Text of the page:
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Discussion in 'Trumpet Discussion' started by hhsTrumpet, Dec 12, 2011.
It's not how much you practise but how much you practise right that will help you.
He's just trying to remind us that air and breathing are also essential to trumpet playing.
Unless you don't plan on living more than a few minutes, air and breathing are pretty essential for everything else too.
That is EXACTLY what he said!
The process of changing a note without changing valves is called "overblowing". We are actually forcing the resonant trumpet to add a wavelength in the length of the horn.
Pedal C is one wavelength
low C is two
2nd line G is 3
3rd space C is 4
4th space E is 5
G on top of the staff is 6
Bb above the staff is 7
and high C is 8
The tone does NOT change just because we buzz higher. Maintaining the pitch requires enough embouchure strength and air pressure to prevent the trumpet from returning to one wavelength - essentially its state of rest.
So, just playing more slur exercizes only helps IF we have a constant build process for the other factors of playing at the same time. Our embouchure works with fine motor control, that means hundreds to thousands of repetitions until we get habits built.
I am going to assume you are referring to slurs across the same fingering
Start practicing slurs using a metronome ...slowly
If your embrochure is correct
If your breath support is correct
You should be able to "flip" the notes using your tongue... syllables ah-ee --ah --ee (but not limited to those) You should try not to move your jaw around ... the syllables are for the tongue.
Some players say it's like whistling ... and can use the tip of their tongue ( I can't but I know great players who do)
as always a good teacher is the way to go..
and the suggestions above about Irons, Stamps breathing and practice practice,practice, are spot on as well.
This is EXACTLY what I was saying in response to the post that, "Don't ever forget the trumpet is a wind instrument, not an embouchure instrument." I would submit that the trumpet is very much an embouchure dependent instrument, and to saying that it is NOT is NOT EXACTLY correct. I am a little confused here but I actually think Rowuk's comments as I quoted above supports my beliefs as well. Right!
Playing the trumpet is very much embouchure dependent, and much of our intelligent practice time should be devoted to supporting exercises that (as Rowuk so well stated) enhances fine motor control. Using lip slurs wisely will achieve this. Using octave alternating phrasing will achieve this. Playing long tones in between these exercises.... priceless. This is what I would refer to as intelligent practice skills.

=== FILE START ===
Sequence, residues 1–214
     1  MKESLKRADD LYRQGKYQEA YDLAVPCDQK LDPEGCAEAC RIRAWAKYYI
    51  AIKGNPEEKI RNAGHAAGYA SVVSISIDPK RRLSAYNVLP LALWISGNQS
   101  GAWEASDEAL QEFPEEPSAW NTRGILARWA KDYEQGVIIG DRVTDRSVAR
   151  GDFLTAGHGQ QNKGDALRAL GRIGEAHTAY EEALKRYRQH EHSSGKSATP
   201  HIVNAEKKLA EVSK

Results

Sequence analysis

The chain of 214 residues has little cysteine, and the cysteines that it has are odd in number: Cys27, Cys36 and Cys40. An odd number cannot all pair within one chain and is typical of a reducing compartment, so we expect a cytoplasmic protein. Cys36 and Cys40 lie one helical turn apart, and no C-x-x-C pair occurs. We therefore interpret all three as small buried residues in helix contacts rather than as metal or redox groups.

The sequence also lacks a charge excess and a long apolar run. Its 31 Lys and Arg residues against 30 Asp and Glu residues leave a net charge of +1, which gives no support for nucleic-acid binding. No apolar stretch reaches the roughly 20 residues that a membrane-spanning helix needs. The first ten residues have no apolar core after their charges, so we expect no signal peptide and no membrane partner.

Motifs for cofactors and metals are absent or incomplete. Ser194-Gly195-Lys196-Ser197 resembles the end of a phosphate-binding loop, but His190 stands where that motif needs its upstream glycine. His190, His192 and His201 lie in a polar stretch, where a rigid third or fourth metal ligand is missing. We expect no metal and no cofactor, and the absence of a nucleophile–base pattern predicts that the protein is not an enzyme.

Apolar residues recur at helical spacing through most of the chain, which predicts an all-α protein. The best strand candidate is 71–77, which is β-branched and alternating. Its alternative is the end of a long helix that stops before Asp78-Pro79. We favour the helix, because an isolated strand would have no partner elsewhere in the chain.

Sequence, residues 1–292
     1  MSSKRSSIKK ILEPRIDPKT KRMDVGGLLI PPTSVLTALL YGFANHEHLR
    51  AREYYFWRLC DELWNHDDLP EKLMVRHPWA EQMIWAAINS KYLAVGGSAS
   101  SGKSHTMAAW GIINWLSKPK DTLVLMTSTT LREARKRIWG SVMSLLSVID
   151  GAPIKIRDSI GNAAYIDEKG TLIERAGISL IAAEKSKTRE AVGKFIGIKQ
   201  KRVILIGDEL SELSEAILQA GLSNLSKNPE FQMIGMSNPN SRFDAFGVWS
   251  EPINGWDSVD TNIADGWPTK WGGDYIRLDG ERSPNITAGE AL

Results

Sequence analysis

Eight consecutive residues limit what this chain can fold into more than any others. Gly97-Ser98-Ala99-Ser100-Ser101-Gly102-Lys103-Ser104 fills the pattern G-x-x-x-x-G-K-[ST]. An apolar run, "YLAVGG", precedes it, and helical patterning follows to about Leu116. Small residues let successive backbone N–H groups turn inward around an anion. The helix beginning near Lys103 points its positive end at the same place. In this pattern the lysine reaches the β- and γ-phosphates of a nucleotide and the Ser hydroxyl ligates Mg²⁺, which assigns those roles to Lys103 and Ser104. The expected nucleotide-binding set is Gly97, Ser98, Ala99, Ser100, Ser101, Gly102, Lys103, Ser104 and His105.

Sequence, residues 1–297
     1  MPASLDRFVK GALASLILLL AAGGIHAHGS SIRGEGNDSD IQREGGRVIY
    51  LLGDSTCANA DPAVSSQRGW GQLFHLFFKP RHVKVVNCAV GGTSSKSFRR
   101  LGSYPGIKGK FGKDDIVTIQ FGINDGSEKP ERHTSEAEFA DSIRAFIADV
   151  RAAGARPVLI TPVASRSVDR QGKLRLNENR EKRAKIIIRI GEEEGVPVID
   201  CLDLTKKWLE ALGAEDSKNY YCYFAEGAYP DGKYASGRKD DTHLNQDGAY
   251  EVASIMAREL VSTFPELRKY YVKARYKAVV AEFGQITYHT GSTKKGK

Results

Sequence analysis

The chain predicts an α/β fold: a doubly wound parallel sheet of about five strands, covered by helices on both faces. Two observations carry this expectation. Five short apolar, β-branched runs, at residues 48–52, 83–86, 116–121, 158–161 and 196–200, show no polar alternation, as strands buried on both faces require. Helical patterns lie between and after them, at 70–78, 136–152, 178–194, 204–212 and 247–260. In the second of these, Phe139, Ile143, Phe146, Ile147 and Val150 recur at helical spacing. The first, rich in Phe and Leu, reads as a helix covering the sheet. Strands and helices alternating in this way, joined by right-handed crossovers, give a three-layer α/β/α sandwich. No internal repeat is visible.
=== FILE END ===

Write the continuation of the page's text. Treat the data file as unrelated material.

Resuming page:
And yes, technical flexibility studies WILL help tremendously. Colin advanced lip flexibilities is a wonderful technical study. And there are many more out there. Like ANY technical study, it must be done correctly to gain anything out of it, so a teacher is an important part of learning the mechanics of slurring and flexibilities.
Simpleractice lip slurring slow until that is perfected then pick up the tempo. Arbans page 39-56. LOTSA ink on those pages to keep you busy for a lifetime.
Seems I stirred up some discussion. I never said embouchure wasn't important--I said it is a partnership and balance is needed. As I said before, you have to have a strong embouchure, without it the wind is useless. But if you don't have proper breath support then embouchure alone won't produce good tone. You have to have both.
The point I was making is I was trying to "squeeze" high notes out without proper wind support and when I realized what I was doing and corrected the problem by increasing the breath support I found the proper balance for me.
I took a few trumpet lessons 20+ years ago when I was in high school. In our band trumpet was THE cool instrument and playing high notes and super fast lip slurs was even cooler! Silly youth. Now as a comeback player I realize the most important thing is practicing lip slurs slow, with a metronome!, and with complete control. I also make a point of not trying to progress too much too fast. I do the usual quarter/8th/triplet/16th note exercises but rarely get to the 16th because it's too much. If the notes aren't even and squared off (as someone earlier mentioned) I stop immediately. Something to work towards